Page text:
Wednesday, September 26, 2012

Frankenstein ... Through the Looking-Glass?

First of all, I have a confession to make. I had never, up until very, very recently, finished Frankenstein. Yes, I picked the novel up several times throughout the course of my life, but I promptly put it back down. I disliked the style of the novel: the "ponderous" plot (thank you, Dr. Jamie, for this word - you know who you are), the emotive language, the Noble Savage who spoke like a nineteenth-century professor even though he was just assembled out of parts from the charnel house. I prefer my books to have more meat on their bones, so to speak. The only reason I picked the book back up recently? I had to teach it. This time, I suppose, it's growing on me. Like a fungus.

Now to my point. This morning, as I was reading up on the long afterlife of the novel while preparing for tomorrow's class, I discovered that John Tenniel, the gentleman who so famously illustrated Carroll's Alice books, repeatedly drew upon Frankenstein to critique current state affairs in his political cartoons.

"The Russian Frankenstein and His Monster" (Punch 1854), depicting Russia as a war machine
bent on the destruction of British men.

"The Brummagem Frankenstein" (1866), drawn to protest the decision to give the lower classes voting rights. Here, Tenniel draws a brute, bearded, working-class Birmingham rough as the rebellious creation of an "ill-advised" politician.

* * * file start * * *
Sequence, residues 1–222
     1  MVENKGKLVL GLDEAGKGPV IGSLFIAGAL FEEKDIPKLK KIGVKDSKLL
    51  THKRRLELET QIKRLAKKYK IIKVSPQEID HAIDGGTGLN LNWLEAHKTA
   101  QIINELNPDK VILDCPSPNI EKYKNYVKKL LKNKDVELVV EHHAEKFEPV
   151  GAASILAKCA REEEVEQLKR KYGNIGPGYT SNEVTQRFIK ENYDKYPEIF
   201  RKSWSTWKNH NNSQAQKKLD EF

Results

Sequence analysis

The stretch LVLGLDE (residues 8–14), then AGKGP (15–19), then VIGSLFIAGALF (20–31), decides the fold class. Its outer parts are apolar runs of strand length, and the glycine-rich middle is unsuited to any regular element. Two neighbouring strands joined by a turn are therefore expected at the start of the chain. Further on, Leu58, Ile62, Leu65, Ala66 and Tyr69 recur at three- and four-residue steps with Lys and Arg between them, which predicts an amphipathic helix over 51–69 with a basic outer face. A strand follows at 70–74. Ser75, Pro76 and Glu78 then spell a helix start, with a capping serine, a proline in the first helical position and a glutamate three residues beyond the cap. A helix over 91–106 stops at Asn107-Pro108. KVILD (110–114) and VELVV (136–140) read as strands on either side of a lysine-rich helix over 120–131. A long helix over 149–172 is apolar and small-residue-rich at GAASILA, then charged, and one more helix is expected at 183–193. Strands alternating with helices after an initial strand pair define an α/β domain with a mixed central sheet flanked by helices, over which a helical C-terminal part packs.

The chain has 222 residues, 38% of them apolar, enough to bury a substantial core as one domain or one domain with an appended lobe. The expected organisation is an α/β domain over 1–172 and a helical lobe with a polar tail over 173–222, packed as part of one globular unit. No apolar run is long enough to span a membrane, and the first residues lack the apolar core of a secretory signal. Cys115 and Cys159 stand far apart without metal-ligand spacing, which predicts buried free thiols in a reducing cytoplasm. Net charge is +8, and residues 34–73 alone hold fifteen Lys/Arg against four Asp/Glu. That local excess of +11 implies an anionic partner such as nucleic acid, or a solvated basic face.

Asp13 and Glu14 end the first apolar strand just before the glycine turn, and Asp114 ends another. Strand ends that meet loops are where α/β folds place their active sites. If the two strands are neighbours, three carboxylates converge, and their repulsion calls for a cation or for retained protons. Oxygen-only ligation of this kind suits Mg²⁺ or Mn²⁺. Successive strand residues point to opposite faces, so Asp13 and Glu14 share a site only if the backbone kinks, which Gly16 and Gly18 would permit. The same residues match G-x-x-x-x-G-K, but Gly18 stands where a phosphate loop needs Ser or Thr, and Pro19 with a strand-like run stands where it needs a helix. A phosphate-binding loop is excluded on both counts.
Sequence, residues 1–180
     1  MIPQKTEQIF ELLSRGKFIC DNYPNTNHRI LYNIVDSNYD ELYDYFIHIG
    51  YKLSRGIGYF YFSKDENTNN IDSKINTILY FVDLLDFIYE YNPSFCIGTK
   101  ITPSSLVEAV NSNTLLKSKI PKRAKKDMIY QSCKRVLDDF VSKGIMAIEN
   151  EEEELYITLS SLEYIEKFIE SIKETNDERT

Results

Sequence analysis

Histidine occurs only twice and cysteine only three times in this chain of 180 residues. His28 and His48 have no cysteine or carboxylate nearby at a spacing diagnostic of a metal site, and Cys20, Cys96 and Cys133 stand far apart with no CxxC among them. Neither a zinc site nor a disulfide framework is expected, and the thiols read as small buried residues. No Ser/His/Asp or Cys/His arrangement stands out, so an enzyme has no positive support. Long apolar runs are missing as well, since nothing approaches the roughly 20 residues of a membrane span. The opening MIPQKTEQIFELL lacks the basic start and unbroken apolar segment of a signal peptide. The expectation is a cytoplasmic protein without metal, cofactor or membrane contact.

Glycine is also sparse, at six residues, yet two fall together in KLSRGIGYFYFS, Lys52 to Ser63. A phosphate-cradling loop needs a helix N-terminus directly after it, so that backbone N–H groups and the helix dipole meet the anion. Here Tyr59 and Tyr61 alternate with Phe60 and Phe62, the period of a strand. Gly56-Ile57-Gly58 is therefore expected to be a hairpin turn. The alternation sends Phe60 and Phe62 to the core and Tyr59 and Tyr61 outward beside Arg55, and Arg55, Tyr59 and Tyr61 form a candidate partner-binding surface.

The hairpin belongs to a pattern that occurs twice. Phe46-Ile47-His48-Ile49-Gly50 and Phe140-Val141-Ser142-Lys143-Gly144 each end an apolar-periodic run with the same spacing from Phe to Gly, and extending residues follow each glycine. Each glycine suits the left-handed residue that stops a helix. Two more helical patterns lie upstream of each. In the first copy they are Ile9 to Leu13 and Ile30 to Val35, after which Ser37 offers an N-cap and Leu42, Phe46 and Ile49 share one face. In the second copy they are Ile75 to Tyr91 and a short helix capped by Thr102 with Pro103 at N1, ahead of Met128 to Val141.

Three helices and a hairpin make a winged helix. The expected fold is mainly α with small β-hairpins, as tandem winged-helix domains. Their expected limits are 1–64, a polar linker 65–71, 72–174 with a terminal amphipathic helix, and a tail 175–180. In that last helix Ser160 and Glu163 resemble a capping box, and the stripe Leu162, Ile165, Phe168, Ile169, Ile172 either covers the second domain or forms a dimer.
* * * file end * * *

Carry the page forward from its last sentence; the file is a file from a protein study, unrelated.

Incidentally, Tenniel is also responsible for the illustrations so often connected to Poe's "The Raven," his melancholic print perfectly capturing the despondent and star-crossed narrator.
To close, two quotes from Shelley. The first, perhaps, my favorite: "I bid my hideous progeny go forth and prosper" (from the 1831 preface to the revised novel). Who doesn't want their work to do the same? Writers, after all, are Frankensteins of a sort, piecing together textual bodies from fragments called up from the tomb of the brain. 

The second, a more poignant, and painful, observation: "the survivors are the greatest sufferers, and for them time is the only consolation" (Volume I, Chapter VI). How true this is. At the heart of Frankenstein is an acute "rage at the dying of the light," the anger that all that we hold dear could slip into the arms of the grave at any moment. The Frankenstein metaphor was used aptly, and oh so terribly, thus in last season's American Horror Story. And if you haven't jumped on that show's train yet, you are really missing out (the new season starts in a few short weeks).

Until next time, Adieu. ~Alice
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